Morpeth student describes how education marchers called for solidarity with Egyptian and Tunisian protests
Young school pupils and university students joined Tower Hamlets union groups in marching into central London on Saturday to protest Government education cuts.
Around 3000 people took part in the march to Westminster to voice their anger at the scrapping of the Education Maintenance Allowance (EMA) and rises to tuition fees.
The EMA can provide students from low-income families with up to �30 per week and tuition fees can now go up to �9000 per year following last December’s House of Commons vote.
There was no repeat of the ugly scenes which marked last December’s student protests, with nine arrests made in total.
One Morpeth School pupil, Rebecca Short, 15, wrote a first-hand account of her experience for the East London Advertiser and told the paper how young protestors marched to the Egyptian Embassy and called on the spirit of the recent Tunisian uprising in their chants.
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Read her account here:
“Education cuts will be felt particularly hard in my borough, Tower Hamlets, where 77 per cent of students receive EMA, 47.5 per cent of primary school pupils receive free school meals, and 23 per cent of families live on less than �15,000 a year.
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“With rises to tuition fees as well, people at my school, Morpeth, are rethinking their plans to go on to college and university.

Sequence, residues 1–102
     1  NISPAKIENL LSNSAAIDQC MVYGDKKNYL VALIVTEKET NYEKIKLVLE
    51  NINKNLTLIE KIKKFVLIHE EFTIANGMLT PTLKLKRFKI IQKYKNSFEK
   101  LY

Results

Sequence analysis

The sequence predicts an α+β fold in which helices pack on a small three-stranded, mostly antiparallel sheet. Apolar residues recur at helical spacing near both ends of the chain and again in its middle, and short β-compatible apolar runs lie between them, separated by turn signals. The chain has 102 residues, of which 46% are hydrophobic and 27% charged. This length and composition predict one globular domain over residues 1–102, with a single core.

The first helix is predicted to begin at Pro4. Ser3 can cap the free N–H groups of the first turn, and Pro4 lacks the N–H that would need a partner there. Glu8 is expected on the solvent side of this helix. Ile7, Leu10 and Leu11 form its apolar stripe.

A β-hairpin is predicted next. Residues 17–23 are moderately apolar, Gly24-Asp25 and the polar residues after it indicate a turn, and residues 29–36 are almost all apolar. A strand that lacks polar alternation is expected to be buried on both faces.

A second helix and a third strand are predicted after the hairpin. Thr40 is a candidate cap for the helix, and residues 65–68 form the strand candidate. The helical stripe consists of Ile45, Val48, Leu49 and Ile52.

On November 24 last year, as part of a national day of action, around 40 pupils at Morpeth attempted to walkout and join the protest. We didn’t get out, but for the next hour and a half there were pupils attempting to stage sit ins and running around the corridors chanting ‘give us EMA’.
“Since then there hasn’t been the same spontaneous militancy but there have been a couple of small walkouts and we have formed a group to fight the cuts. We organize for upcoming demonstrations: discussions, leafleting, making placards, talking to pupils and teachers.
“Last Wednesday we had another walkout of 20 pupils to join the EMA day of action. We went down to Trafalgar Square and then moved on to the BBC World Service picket line. Although the protests were quiet, on Saturday it was a different story. Ten of us met outside Morpeth with a banner and placards along with parents and local anti-cuts campaigners and we were joined by Queen Mary University students and went to central London.
“We met up with the thousands of students and workers on the demonstration and marched passed Parliament and Millbank and then to the Egyptian Embassy chanting “they say cut back, we say fight back” and “wipe off David Cameron’s smile, let’s do this Tunisian style”.
“Now we need to go on to build a massive demonstration on March 26 to shake the Con-Dem government that’s being run by the millionaires not the millions.